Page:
The American Bar Association’s Witness Rules for Depositions


  1. Speak slowly and clearly.
  2. Pause after each question.
  3. Listen to objections and instructions.
  4. Tell the truth.
  5. Short answers are best.
  6. Do not answer unclear questions.
  7. Ask for a break if needed.
  8. Read documents carefully.
  9. Do not conclude instructions.

A deposition is when you provide answers to questions under oath.  A court reporter is present and will produce a written transcript of your testimony. If you file a complaint with the court, it is a safe bet that you will have to give a deposition.

Depositions can be scary regardless of whether you have participated in one before. And, after many years of providing testimony at trial as a Crime Scene Technician, I completely understand.

The good news is that a deposition does not have to be intimidating. I have heard Jack Helgesen give a pre-deposition explanation to his clients a million times. It is always the same. “Tell the truth.”  Nothing is easier than being honest and truthfulness makes for the best witnesses.

Sometimes, the truth is that you do not know. Maybe you just cannot remember. Saying “I don’t know” or “I cannot recall” is almost always better than trying to guess an answer.

I also find it helpful to remember that this is a time for you to tell your story. While you are not allowed to talk freely, when you are asked a question, you provide a direct answer. Your response should not be over complicated by the facts you think are important. Trust me, the attorneys know what they are looking for and will ask a series of questions to get a more complete answer, if necessary. If you base your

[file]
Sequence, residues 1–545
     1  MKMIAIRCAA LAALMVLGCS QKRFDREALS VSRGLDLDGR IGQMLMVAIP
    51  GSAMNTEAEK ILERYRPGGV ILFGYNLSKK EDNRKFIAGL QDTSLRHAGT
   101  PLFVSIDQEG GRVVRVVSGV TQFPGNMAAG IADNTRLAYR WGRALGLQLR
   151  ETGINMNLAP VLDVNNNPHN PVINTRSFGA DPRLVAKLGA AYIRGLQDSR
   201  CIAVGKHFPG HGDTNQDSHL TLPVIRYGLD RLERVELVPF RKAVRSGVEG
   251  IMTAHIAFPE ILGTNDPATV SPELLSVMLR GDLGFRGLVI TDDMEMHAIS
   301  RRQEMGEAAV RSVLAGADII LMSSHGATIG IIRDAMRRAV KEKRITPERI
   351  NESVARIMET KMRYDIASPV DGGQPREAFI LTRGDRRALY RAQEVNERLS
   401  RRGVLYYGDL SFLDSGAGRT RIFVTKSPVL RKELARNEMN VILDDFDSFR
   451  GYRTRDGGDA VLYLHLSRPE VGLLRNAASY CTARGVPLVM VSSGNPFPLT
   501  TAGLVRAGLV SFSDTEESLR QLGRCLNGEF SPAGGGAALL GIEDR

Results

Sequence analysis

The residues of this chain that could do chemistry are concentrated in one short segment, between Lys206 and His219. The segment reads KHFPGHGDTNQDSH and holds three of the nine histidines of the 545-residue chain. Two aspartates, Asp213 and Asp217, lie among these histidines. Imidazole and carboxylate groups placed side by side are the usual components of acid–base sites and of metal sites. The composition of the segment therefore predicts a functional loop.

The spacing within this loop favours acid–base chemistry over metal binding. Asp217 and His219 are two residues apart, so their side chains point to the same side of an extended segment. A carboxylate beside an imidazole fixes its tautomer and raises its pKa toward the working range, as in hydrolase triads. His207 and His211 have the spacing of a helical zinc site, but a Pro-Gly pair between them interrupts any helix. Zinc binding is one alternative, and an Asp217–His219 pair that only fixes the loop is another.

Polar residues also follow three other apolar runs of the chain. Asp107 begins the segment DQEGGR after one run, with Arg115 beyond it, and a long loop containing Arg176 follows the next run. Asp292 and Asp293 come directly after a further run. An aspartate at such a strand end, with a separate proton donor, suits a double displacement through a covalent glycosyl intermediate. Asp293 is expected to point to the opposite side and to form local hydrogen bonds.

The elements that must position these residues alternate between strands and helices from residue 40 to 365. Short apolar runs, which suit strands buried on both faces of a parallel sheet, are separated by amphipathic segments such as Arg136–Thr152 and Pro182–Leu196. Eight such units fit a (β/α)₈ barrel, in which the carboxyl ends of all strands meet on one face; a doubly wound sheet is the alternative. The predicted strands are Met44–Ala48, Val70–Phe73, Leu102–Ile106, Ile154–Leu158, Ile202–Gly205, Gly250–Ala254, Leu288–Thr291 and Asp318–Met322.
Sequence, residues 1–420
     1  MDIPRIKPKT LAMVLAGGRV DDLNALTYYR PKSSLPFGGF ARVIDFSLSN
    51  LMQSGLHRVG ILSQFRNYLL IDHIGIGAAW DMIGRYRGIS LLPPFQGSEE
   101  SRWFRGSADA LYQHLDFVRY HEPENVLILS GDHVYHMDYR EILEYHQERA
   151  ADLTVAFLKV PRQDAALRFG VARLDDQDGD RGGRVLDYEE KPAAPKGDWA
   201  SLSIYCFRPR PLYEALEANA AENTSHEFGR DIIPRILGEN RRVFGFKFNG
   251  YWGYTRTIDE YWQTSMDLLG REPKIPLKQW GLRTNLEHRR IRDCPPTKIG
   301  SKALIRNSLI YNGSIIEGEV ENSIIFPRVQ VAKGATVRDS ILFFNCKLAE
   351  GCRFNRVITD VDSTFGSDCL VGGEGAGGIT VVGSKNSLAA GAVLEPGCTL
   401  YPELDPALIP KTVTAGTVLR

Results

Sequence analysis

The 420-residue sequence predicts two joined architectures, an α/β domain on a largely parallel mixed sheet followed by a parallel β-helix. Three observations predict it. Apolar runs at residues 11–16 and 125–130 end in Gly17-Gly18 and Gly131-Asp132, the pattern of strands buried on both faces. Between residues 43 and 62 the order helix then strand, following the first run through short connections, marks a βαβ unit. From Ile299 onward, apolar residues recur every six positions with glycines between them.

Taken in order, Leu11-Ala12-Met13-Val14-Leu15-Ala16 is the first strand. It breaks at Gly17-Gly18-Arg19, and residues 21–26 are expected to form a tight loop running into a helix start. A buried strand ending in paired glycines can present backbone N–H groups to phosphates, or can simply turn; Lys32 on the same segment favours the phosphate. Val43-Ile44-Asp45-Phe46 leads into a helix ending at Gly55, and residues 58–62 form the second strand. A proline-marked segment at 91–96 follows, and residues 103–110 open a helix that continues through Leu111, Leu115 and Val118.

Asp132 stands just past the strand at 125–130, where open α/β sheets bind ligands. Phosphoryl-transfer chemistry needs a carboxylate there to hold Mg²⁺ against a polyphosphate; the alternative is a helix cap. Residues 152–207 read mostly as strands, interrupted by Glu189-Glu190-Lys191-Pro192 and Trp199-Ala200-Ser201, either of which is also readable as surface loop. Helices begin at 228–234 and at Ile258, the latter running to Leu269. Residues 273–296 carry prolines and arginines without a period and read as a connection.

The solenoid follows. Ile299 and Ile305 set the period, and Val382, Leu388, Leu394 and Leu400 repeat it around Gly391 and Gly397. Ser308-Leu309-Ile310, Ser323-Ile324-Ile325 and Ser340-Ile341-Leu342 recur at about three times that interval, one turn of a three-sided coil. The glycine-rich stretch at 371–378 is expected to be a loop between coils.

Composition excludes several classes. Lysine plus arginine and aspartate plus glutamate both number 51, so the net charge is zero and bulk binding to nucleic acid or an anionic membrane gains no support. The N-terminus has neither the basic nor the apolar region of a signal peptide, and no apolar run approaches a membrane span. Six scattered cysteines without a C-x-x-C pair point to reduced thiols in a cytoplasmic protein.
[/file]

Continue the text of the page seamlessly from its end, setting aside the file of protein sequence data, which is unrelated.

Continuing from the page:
answers on how you think the attorney wants it answered or if you think they are trying to trick you somehow, you may end up hurting yourself. Just as how the questioning attorneys knows what they will ask, your attorney understands why it was asked. Your attorney’s job is to listen and object if need be.  It is important to not become frustrated that you may not be able to elaborate on your answers. Do not worry. Your attorney will be allowed to ask their own questions. We call this a redirect.

Moreover, you and your attorney can request breaks and will likely take a break before the redirect.

I have also discovered that depositions are a chance for your legal team to see how you or other witnesses will appear to a judge or jury at a trial. So, it is safe to assume that the other attorney will see that too. As a matter of fact, I have seen a settlement take place shortly after a client’s deposition because “they are too likeable.”

This all leads me to assure you that depositions are not like the movies. Actually, they can be rather boring, no offense. Attorneys do not yell and slam fists on the table, no one has a sudden win, and the deponent is not belittled into submission.

Just relax, be yourself, and tell the truth.

Disclaimer: This article is not intended to be used as legal advice and is not a blanket for every situation. You should always consult with your attorney.